Returning to the Letterbox, the Clean Passage leads off as a low crawl which passes an oxbow after 15m. The passage has two main points of interest. Firstly, it is completely free from any traces of mud except for those introduced by the explorers, and secondly it is not an inlet to the Dirty Passage as the flow markings on the roof and floor indicate that it is a totally separate downstream passage. Progress becomes easier after the oxbow, but the passage lowers again after an area of boulders, and several static pools with low airspace are reached. Having passed the pools, the passage opens up a little to a ½m high triangle before a second area of pools is encountered. Just before these pools is another region of boulders, this time of the rounded peaty variety commonly found in the streamways on the surface. It is curious to note that there is no apparent way by which these large rocks could have entered the passage from the upstream direction, as the entrance passage is too low. After the second area of pools the largest section of passage so far reached is encountered but after passing some interesting little helictites growing out of several calcite bands in the walls and floor, a static sump halts further immediate progress. Due to the absence of a draught in the passage, a sump had been expected but it was a little disappointing, after the increasing passage size had raised our hopes somewhat.

reduced survey, 17k gif

A large (2440x2100 pixels) survey can be seen here (66k gif).

With reference to the survey several interesting points arise out of the course taken by the Grind. Firstly, when matched with existing surveys of both Lancaster Hole and Pippikin Hole the passage can be seen to pass beneath the Easegill beck and to terminate within 50 feet horizontally of the surveyed end of the Dickery's Inlet of Pippikin Hole. Secondly, the Clean Passage, which is phreatic in its origin, must have, at one time, carried water from sinks actually on Casterton Fell into the Leck Fell drainage system, as there is no plausible connection with any possible water supply from Easegill beck itself. The passage seems to be remarkably free from the effects of the supposed main joint direction NW-SE referred to somewhat innacurately in (2), in connection with the development of Pippikin Hole. An example of such a joint would be the one linking Echo Aven and the choked inlets to the Wormway on the survey. The Clean Passage is, for 90% of its length, travelling at almost right angles to this joint direction, but no sign of any effects can be seen in the passage itself, save for the thin calcite bands which cross the passage near the sump.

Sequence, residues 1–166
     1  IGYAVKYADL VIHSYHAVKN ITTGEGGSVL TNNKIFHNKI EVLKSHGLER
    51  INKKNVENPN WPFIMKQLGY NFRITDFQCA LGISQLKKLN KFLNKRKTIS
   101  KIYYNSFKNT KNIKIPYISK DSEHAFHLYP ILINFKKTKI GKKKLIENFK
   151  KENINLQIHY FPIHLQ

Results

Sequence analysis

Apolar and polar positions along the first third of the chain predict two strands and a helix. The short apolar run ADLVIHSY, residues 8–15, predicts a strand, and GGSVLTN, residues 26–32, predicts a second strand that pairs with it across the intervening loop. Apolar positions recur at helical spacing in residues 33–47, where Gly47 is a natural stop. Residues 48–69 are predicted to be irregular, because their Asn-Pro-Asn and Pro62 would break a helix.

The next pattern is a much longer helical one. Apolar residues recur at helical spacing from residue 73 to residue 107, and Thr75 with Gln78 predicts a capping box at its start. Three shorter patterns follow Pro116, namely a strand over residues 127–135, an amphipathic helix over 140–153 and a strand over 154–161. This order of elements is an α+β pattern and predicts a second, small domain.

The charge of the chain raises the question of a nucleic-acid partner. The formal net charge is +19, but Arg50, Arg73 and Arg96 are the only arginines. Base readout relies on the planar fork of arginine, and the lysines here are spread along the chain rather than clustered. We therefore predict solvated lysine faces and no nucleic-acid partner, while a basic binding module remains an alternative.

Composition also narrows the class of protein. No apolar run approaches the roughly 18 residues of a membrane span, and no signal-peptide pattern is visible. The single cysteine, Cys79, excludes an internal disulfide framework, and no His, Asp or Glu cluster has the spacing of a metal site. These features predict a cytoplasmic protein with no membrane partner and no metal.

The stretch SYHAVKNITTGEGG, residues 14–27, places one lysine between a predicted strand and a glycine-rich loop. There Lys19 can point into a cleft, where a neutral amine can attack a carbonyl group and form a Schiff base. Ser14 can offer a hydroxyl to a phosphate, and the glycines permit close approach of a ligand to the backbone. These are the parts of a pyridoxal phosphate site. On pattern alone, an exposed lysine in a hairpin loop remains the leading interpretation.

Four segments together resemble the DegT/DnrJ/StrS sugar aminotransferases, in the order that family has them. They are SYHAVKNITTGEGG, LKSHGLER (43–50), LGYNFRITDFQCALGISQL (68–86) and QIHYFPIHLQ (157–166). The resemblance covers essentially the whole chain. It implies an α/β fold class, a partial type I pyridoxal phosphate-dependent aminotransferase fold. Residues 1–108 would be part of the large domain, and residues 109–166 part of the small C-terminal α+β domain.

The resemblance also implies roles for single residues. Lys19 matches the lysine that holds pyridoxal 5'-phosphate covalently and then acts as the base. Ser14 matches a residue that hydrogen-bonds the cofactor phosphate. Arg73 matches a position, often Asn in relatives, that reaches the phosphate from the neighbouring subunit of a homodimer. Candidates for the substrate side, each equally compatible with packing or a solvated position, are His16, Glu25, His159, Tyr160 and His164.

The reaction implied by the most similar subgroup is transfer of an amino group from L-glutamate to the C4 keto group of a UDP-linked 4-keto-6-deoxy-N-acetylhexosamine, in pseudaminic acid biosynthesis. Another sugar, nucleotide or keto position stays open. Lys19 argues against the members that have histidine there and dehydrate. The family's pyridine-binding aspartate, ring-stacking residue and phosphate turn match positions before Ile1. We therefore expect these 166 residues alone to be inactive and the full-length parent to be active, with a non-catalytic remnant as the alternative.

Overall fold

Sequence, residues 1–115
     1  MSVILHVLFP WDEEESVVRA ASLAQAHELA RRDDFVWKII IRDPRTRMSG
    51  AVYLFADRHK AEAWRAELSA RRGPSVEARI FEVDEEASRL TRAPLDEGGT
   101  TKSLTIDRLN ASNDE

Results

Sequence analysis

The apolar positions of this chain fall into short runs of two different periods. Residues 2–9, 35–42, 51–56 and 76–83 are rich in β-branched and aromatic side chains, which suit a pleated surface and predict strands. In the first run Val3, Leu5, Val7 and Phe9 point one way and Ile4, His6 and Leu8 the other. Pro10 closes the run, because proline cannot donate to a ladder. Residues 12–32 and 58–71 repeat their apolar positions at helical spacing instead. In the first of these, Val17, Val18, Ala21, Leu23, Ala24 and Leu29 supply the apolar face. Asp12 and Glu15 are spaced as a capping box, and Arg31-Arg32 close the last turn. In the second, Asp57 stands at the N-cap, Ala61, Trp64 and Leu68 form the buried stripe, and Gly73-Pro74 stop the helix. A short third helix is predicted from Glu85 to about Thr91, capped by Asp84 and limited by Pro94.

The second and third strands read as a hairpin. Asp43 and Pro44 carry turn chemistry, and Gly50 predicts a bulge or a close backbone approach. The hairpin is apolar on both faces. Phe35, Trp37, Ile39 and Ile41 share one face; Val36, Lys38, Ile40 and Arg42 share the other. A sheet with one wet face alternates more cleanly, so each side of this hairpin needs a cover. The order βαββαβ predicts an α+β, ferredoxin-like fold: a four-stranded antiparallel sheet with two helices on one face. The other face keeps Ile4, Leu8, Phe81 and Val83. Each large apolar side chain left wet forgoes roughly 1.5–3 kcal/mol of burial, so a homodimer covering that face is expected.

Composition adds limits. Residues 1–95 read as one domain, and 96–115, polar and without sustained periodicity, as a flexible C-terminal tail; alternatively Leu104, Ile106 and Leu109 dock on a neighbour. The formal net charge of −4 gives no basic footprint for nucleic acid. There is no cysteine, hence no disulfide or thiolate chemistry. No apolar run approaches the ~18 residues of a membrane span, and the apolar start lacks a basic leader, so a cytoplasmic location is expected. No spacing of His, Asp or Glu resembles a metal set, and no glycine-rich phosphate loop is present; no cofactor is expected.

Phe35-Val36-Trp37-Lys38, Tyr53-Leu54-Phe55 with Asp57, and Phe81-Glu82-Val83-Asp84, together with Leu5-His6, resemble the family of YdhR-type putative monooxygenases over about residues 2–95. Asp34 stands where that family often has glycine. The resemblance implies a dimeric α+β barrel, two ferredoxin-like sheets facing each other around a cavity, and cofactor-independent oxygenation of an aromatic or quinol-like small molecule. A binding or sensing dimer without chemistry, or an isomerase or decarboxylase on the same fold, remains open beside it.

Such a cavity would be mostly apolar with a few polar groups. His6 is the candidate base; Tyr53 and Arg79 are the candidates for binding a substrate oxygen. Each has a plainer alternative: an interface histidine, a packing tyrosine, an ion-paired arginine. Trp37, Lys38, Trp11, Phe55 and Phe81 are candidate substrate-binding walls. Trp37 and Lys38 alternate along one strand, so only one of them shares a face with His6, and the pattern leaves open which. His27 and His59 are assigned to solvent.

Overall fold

Dealing with the first of the above, Roger Wilbourne and I visited the Dickerys on February 17th 1973 in order to find just how the passage does end. With little knowledge of the relative heights of the Dickerys and the Clean Passage, it was clearly necessary to find out how the Dickerys ended and what the passage looked like to see if a link could be feasible. Three observations were made on this trip. Firstly, that the character of the Dickerys in its later stages is very similar to the Clean Passage. Secondly, the Dickerys ends in a low constricted inlet sump supplying a small trickle of water. Thirdly, that a little mental arithmetic based on the vertical separation of The Hobbit and Echo Aven, and on clinometer readings taken in the Grind and The Dickerys, indicated that the two passages should end within about 2m vertically of each other.

These observations are both encouraging and disconcerting at the same time; whilst the similarity in character of the two passages suggests a connection, the question of where the excess water comes from is awkward, as more water flows out of the sump in the Dickerys than the minute quantity which is supplied by the Clean Passage. This problem could be resolved by hypothesising an inlet actually in the sump but this awaits factual proof. The immediate course of action is obviously to attempt to bail from the downstream end of the sump but the passage is so small that this will be extremely difficult. Also, it should be taken into account that any airspace that is created could rapidly fill up due to the flow out at the downstrem end. However, this remains a project for the near future and will probably have been attempted before this article goes to print.

A connection between these two major systems would certainly be quite an achievement, and it certainly looks as if a link is quite close. A through trip by this route would certainly be quite an epic involving at least half a mile of almost all flat out crawling between the Wormway and Redwall Chamber, the bailing of a sump in the middle (as free diving looks to be out of the question), and two miles of difficult passage to traverse at the Lancaster Hole end.

In spite of these exciting "possibilities", the mapping and completing of the exploration of the Grind does represent a significant advancement of our knowledge of the relationship of the caves beneath Leck and Casterton Fells, and it is hoped that continued activity in the future will provide more interesting information to add to the overall picture.

ROB SHACKLETON

REFERENCES

(1) ULSA Review 9 pp. 3-11
(2) ULSA Review 9 p. 17


The conclusion to this work was later described in Cambridge Underground 1975